Using rubbish to spread clean-up message

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Clean sweep: Josie Jones, above, has won awards for her efforts to prevent rubbish fouling Mornington Peninsula beaches. Below, a crab made by Jones from rubbish collected on the beach. Picture: Yanni

Clean sweep: Josie Jones, above, has won awards for her efforts to prevent rubbish fouling Mornington Peninsula beaches. Below, a crab made by Jones from rubbish collected on the beach. Picture: Yanni

A RYE woman has won the Dame Phyllis Frost Award for her project The One Tonne Challenge, which focuses on “giving back to the ocean by encouraging people to pick up rubbish at our beaches”.

Josie Jones collected the award at Horsham, Saturday 15 October, in the annual Tidy Towns competition in which three Mornington Peninsula townships – Mornington, Hastings and Crib Point – were finalists in their categories.

Horsham won the 48th Tidy Town Awards which are run by the Keep Australia Beautiful Council. Media personality Mark Mitchell was master of ceremonies.

Ms Jones has a strong passion for the marine environment and her campaigns – The One Tonne Challenge, If you see it pick it JOSIE JONES DAME PHYLLIS FROST AWARD 21-10-2016up and I’m really a mermaid – have encouraged people to remove litter from beaches.

A catalyst to her beach-cleaning work many years ago was inadvertently watching a woman bury a nappy on a beach in Tahiti. She dug it up and disposed of it properly, but the image remained and the passion for the cause was roused.

The graphic designer uses her skills as an artist to create clean-up poster campaigns that, hopefully, get people onside. Sales from posters each year aid dolphin research as well as research and study into the southern right whale.

Ms Jones has also visited the whale protection ship Sea Shepherd and pushed local rubbish and recycling campaigns, including at Rye Primary School.

“A lot of schools don’t even have recycling programs,” she said.

Beaches along both Port Phillip and Western Port bays – where she began collecting rubbish 10 years ago – are a “soup” of plastics and litter. Her most frequent finds are cigarette butts, lollypop sticks, fast-food wrappers and plastic pieces of all sorts. Little red plastics soy caps are a bugbear.

On her daily walks between the White Cliffs hill and Capel Sound she picks up on an average three kilograms of rubbish.

She prefers to display her work through rubbish collection so that no-one can deny its existence, and she doesn’t ask anyone for help. “I allow my actions to be an example to others,” she said.

“Word of mouth gives leverage to the I’m really a mermaid campaign.

“I am passionate about changing the views and habits of people about effective waste management.”

Ms Jones said winning the award was an “awesome achievement for the area”.

“Currently the trophy is being shared: it spent two days at Captains of Rye, for whom I am a designer; it is now at Freaky Tiki and then it will go to A Mini Kitchen, which sells posters for the campaign.”

Six other peninsula initiatives were recognised in the Sustainable Community Awards: Mornington Community Information and Support Centre for its emergency relief centre which assists those experiencing financial crisis; Crib Point Community for the rubbish clean up after the bush fires, and Mornington Peninsula Shire and Manton and Stony Creek Landcare Group for transforming the Red Hill Station Reserve into a useable community space.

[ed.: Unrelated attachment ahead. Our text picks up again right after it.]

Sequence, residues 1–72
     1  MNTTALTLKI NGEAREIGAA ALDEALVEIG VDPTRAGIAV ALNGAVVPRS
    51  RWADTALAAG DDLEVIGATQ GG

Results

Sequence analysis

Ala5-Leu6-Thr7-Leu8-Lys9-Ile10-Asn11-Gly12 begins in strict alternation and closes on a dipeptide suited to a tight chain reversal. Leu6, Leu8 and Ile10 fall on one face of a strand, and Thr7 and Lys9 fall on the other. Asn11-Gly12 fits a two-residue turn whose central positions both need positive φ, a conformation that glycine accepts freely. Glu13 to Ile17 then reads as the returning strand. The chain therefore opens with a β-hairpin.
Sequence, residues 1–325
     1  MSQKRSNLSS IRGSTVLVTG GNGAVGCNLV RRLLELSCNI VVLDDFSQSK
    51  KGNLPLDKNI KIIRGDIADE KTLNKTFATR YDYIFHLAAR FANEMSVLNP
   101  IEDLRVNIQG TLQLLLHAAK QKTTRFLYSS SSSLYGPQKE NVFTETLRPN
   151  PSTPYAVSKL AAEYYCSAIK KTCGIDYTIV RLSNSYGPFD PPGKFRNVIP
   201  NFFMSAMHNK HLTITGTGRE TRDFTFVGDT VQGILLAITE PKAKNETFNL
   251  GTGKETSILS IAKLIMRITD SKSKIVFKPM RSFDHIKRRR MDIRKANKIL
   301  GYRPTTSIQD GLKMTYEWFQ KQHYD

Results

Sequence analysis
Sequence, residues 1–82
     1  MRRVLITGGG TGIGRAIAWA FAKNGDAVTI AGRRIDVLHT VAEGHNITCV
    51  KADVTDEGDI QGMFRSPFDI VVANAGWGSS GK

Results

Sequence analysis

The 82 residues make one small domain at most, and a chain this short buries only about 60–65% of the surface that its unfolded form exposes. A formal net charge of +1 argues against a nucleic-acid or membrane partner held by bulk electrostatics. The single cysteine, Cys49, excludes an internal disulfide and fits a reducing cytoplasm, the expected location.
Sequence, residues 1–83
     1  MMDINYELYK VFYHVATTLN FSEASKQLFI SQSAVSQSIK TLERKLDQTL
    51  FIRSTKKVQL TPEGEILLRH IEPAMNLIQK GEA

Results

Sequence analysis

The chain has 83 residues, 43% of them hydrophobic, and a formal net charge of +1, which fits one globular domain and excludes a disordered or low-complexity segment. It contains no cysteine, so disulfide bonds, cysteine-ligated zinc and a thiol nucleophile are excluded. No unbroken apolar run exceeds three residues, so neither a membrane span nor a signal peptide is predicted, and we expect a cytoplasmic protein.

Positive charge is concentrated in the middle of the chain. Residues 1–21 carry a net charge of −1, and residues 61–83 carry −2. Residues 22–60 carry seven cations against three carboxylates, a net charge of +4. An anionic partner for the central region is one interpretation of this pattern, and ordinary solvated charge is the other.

Highly Commended Awards went to Mornington Peninsula Shire and Mt Eliza Placemaking Group for the Mt Eliza Community Safety Signage project. Western Port (Hastings) community volunteers also received an award for their visitor information centre.

Award for bringing food to the table

MORNINGTON Community Information & Support Centre manager Lisa Elliott was thrilled her group was honoured in the Tidy Town awards.

It won praise for its efforts in providing food for low-income earners. 

“The award represents our many programs aimed at alleviating financial stress by providing free healthy food,” she said. 

“Much of this food is sourced through Secondbite and some is cooked for our meals program. The fresh food program provides a free parcel of food to around 15,000 people each year. 

“The meals are assisting a small group of low-income and isolated residents with healthy sustenance, as well as a warm and friendly evening out,” she said.

She thanked the shire for the “amazing support we receive in providing our most vulnerable residents with continuous support over 36 years”. 

“This support comes in the form of professional advice from many different sources, a generous annual financial grant and providing us with infrastructure to house our main business of support, information and guidance to visitors to the peninsula,” she said. “The Masonic Lodge has welcomed our meals program and the work we are doing and allows us to use their kitchen and main hall twice a week,” Ms Elliott said. 

“St Marks Uniting Church has housed our Free Fresh Food Program for the past four years and the minister John Haig and his congregation support us financially with a supply of Woolworth’s gift cards each year.” 

This program supports other community organisations, including Mornington Park Primary School’s breakfast, hot lunch and cooking classes. St Vincent de Paul volunteers work closely with the group.

Supporters help by donating to the food pantry, op-shop and winter coat appeal. 

“The community action involved in providing so much support to low-income earners has been awarded on a state level and recognises a whole community approach to supporting our most vulnerable,” Ms Elliott said.   

“It would be difficult to quantify the incredible ways this community supports its own, with 140 volunteers over many programs.”

First published in the Southern Peninsula News – 25 October 2016

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